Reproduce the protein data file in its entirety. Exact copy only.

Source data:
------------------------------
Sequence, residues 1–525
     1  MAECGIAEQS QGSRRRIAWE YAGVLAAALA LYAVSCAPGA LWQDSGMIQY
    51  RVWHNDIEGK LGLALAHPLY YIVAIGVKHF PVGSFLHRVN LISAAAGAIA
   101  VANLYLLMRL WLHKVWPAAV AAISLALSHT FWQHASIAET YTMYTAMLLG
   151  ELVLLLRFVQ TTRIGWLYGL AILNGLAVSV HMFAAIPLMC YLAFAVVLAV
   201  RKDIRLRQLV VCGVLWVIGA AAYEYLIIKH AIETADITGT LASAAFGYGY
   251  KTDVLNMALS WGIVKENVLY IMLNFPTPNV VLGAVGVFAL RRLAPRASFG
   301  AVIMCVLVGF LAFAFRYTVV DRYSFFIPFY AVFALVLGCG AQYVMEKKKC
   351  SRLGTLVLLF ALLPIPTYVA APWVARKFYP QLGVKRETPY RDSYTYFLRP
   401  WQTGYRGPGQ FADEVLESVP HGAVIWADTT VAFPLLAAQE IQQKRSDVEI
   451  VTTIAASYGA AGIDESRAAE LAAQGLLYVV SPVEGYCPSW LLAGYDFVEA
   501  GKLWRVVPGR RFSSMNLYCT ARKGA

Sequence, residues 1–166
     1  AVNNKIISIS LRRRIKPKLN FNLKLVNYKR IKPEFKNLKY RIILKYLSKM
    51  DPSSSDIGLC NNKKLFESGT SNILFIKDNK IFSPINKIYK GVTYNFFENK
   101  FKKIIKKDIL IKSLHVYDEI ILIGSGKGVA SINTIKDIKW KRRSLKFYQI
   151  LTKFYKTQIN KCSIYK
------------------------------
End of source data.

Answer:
Sequence, residues 1–525
     1  MAECGIAEQS QGSRRRIAWE YAGVLAAALA LYAVSCAPGA LWQDSGMIQY
    51  RVWHNDIEGK LGLALAHPLY YIVAIGVKHF PVGSFLHRVN LISAAAGAIA
   101  VANLYLLMRL WLHKVWPAAV AAISLALSHT FWQHASIAET YTMYTAMLLG
   151  ELVLLLRFVQ TTRIGWLYGL AILNGLAVSV HMFAAIPLMC YLAFAVVLAV
   201  RKDIRLRQLV VCGVLWVIGA AAYEYLIIKH AIETADITGT LASAAFGYGY
   251  KTDVLNMALS WGIVKENVLY IMLNFPTPNV VLGAVGVFAL RRLAPRASFG
   301  AVIMCVLVGF LAFAFRYTVV DRYSFFIPFY AVFALVLGCG AQYVMEKKKC
   351  SRLGTLVLLF ALLPIPTYVA APWVARKFYP QLGVKRETPY RDSYTYFLRP
   401  WQTGYRGPGQ FADEVLESVP HGAVIWADTT VAFPLLAAQE IQQKRSDVEI
   451  VTTIAASYGA AGIDESRAAE LAAQGLLYVV SPVEGYCPSW LLAGYDFVEA
   501  GKLWRVVPGR RFSSMNLYCT ARKGA

Sequence, residues 1–166
     1  AVNNKIISIS LRRRIKPKLN FNLKLVNYKR IKPEFKNLKY RIILKYLSKM
    51  DPSSSDIGLC NNKKLFESGT SNILFIKDNK IFSPINKIYK GVTYNFFENK
   101  FKKIIKKDIL IKSLHVYDEI ILIGSGKGVA SINTIKDIKW KRRSLKFYQI
   151  LTKFYKTQIN KCSIYK